Until real life caught up to her, Heather Nedohin had led a charmed curling life.
She’s been on the national and international stages five straight years.
It’s been a dozen seasons since, as a rookie women’s skip, she represented Alberta at the Scotties.
After losing two Alberta finals in three previous tries, she’s back and she couldn’t be happier.
“To get back to the Show, I can’t tell you how excited I am,” said Nedohin, back in the city where she started her first run, skipping the 1996 world junior champion. “I can’t wait to see the traditions, I can’t wait to see the changes I’ve heard that have occurred at the Scotties.
“It’s going to be fun.”
Her third, Beth Iskiw, and lead Laine Peters have already played at the Red Deer Centrium, where they wore Nova Scotia colours at the 2004 Scotties.
They’re used to the grind on the cashspiel circuit.
“We never go the easy route,” said Nedohin, who’s recruited veteran Amy Nixon as fifth. “Physically, we’re used to the grind. Mentally, no, you’re not used to however many days it is. It’s huge that we have three players that can provide Jess (second Jessica Mair) with veteran experience.
“Honestly, I can remember my first Scotties (as third for Cathy King in 1997). You’re oblivious and you just go out and play.”
Nedohin knows what it’s like to wear the Team Canada colours after helping King win the 1998 Scotties, the only time Alberta has won this event since 1982. She felt the heartbreak of losing the 1999 final to Colleen Jones.
“I’d like to finish off what we did in ’99, but ultimately our goal is to finish in the playoffs,” said Nedohin, who missed the playoffs by one game in 2000. “It stinks to not make the playoffs.”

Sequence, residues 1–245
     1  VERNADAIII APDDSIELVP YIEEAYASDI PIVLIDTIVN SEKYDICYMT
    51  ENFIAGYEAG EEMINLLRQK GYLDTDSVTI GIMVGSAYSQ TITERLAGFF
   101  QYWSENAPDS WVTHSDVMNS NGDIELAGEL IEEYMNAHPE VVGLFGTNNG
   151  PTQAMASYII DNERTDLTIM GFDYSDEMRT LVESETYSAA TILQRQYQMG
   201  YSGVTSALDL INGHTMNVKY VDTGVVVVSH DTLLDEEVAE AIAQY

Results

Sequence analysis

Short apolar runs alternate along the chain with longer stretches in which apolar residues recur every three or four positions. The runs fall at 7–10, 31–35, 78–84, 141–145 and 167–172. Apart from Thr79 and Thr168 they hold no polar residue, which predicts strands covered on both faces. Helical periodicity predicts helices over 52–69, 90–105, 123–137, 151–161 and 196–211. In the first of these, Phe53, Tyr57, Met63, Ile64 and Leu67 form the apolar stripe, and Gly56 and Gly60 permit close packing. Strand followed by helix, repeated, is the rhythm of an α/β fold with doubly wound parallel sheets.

When Iskiw moved to Edmonton, she and Nedohin found an instant connection. They were both young moms who had to sacrifice a lot to curl.
This is the fifth season the back end has been together and their climb to the top of a competitive Alberta field has been pretty rewarding.
Way back a dozen years ago, Nedohin was in a different headspace.
“In that transition of 12 years, I went after my career,” said Nedohin “For six years, I worked at Grant MacEwan College. As a female and wanting to persevere in my career rather than my aspirations as a curler, my career moved in the forefront.”
Then she met and married Dave Nedohin and the couple started a family. It was his turn in the spotlight.
“As a woman in sport, it’s very challenging to balance it all,” said Nedohin. “The bonus is I continued to play. Curling is my passion, it’s my workout, it’s something for me. In that 12 years of being absent from the big show, I still played.
“Playing while your kids are in diapers, playing while you’re breastfeeding. As a player, I remember going to a high performance camp and them stressing you get eight-10 hours sleep a night.
“I remember Jan Betker saying, ‘Ere you kidding me? When’s the last time a mother had eight hours’ sleep?’ ”
Now that Nedohin’s kids are in Grade 4 and Grade 1, she can sneak off for a workout and a practice without her kids.
“We’re balancing so much,” said Nedohin. “I look at Beth and I, the two mothers on the team. To get to an hour’s practice takes us two hours to get out the door. It’s very challenging, but we do it because we love it.
“When I look at my 12 years, I don’t look at it as an absence. It’s a matter of my family of being my No. 1 priority.”
You can hear it in her voice. Nedohin has been waiting a long time for this week. It’s a chance to get back to where she once belonged.
1996: skip, world junior champion
1997: third, Team Alberta
1998: third, Scotties champion
1999: third, Team Canada
2000: skip, Team Alberta
2012: skip, Team Alberta